The report, by the Independent Office for Police Conduct, reveals that nationally there were 16 deaths in or following police custody, including one in South Yorkshire, between April 1, 2018 and March 31, 2019.
The number was down from a 10-year high of 23 in 2017/18.
There were another 63 apparent suicides following periods spent in police custody, including four in South Yorkshire, over the same period.
Nationally there were another 152 deaths following some form of ‘police contact’, such as officers being called out to investigate or deal with incidents which later resulted in a fatality.
Seven such deaths in South Yorkshire feature in the report.
There were 42 road deaths last year involving police contact in the form of police pursuits and collisions involving officers responding to emergency calls.
There were five such deaths in South Yorkshire.
IOPC Director General Michael Lockwood said: "This year we've seen a reduction in the number of deaths in or following police custody, with no deaths occurring in a police custody suite itself.
"This reflects the importance of ongoing work, to which we have contributed, to ensure police custody offers a safe as environment as possible.
"However, it is of concern that again, there is a high proportion of people dying during and immediately after custody who are vulnerable through mental health and links to drugs and alcohol."
Mr Lockwood added: "The increase in pursuit-related deaths this year points to a continued need for ongoing scrutiny of this area of policing.
"Police drivers need to be able to pursue suspects and respond quickly to emergency calls as part of their duty, but it's not without risk.
"This includes risks not only for the police and the driver of any pursued vehicle, but for passengers, bystanders and other road users.
"Pursued drivers bear responsibility for their own actions but police officers should also take into account risks to the public and only undertake a pursuit where it is safe to do so, and where authorised."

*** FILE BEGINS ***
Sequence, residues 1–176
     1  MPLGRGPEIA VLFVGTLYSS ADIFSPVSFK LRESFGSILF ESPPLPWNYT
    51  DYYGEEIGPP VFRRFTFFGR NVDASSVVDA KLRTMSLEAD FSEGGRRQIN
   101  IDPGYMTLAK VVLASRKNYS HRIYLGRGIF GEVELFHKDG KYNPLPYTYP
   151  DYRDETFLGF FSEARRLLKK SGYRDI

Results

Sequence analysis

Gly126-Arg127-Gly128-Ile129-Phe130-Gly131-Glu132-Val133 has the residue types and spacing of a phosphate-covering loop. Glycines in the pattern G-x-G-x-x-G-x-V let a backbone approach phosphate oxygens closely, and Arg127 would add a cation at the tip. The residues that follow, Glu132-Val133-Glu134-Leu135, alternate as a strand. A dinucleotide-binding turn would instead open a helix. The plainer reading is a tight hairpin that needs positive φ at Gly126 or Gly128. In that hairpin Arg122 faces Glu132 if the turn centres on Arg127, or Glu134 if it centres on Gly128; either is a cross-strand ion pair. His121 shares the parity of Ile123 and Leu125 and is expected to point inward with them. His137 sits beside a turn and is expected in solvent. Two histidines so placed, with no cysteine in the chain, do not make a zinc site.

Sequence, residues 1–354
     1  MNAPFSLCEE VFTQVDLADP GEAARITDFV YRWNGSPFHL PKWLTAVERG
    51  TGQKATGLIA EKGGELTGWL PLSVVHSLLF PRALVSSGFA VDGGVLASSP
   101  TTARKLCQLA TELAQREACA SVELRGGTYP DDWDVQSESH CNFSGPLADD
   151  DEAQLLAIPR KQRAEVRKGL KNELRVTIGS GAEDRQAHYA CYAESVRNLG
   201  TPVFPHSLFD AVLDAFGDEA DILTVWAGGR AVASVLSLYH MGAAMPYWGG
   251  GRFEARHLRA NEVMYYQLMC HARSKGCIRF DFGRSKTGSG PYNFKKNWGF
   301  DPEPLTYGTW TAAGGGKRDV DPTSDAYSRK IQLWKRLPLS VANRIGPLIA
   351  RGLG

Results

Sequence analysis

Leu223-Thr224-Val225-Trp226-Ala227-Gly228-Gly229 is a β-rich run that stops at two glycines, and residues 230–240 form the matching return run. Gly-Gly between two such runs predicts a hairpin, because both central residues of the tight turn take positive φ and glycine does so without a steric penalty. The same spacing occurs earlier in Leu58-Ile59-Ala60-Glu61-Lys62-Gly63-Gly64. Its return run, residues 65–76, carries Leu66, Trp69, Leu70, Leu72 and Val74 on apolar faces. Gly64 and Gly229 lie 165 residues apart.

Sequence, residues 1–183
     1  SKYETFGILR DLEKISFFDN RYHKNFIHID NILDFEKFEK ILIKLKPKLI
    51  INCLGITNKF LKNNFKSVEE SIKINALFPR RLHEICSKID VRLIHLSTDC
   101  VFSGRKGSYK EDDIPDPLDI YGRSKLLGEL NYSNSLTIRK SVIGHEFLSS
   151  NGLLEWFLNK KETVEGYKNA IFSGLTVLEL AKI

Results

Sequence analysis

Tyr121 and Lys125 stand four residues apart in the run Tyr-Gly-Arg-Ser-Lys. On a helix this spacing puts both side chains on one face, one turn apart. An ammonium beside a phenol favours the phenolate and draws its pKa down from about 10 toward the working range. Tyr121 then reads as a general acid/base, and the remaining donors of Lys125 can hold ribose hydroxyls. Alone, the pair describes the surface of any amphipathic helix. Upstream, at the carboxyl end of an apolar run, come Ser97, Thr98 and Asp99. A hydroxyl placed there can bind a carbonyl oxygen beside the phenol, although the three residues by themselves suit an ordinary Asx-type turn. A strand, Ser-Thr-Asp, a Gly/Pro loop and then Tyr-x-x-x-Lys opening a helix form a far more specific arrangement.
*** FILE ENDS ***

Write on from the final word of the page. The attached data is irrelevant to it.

Deborah Coles, director of the charity Inquest, said: "At a time when all political parties are promising additional police on the streets, our ongoing casework shows that more police numbers are not the answer to public safety.
"Ultimately to prevent further deaths and harm, we must look beyond policing and redirect resources into community, health, welfare and specialist services."
Temporary Detective Chief Inspector Richard Hammond, from South Yorkshire Police’s Professional Standards Department, said: “We operate in accordance with strict policies and procedures and any person who comes into contact with the force, or enters custody, is treated in line with approved national practice and appropriate guidance.
“In the unfortunate event of a death occurring during or following police contact, we always evaluate the investigative findings, including those investigated independently by the IOPC, to establish if there are lessons to be learned.
“The number of road traffic incident deaths referred to the IOPC is higher than we would typically see in South Yorkshire, but this figure includes the tragic death of four people – a child and three adults - in a fatal collision in Darnall in November 2018. Three people have since been convicted and jailed in relation to this matter.
“This figure also includes a collision involving the death of a woman in Barnsley in September 2018, for which four people have been convicted and jailed. In both of these cases, a mandatory referral was made to the IOPC.”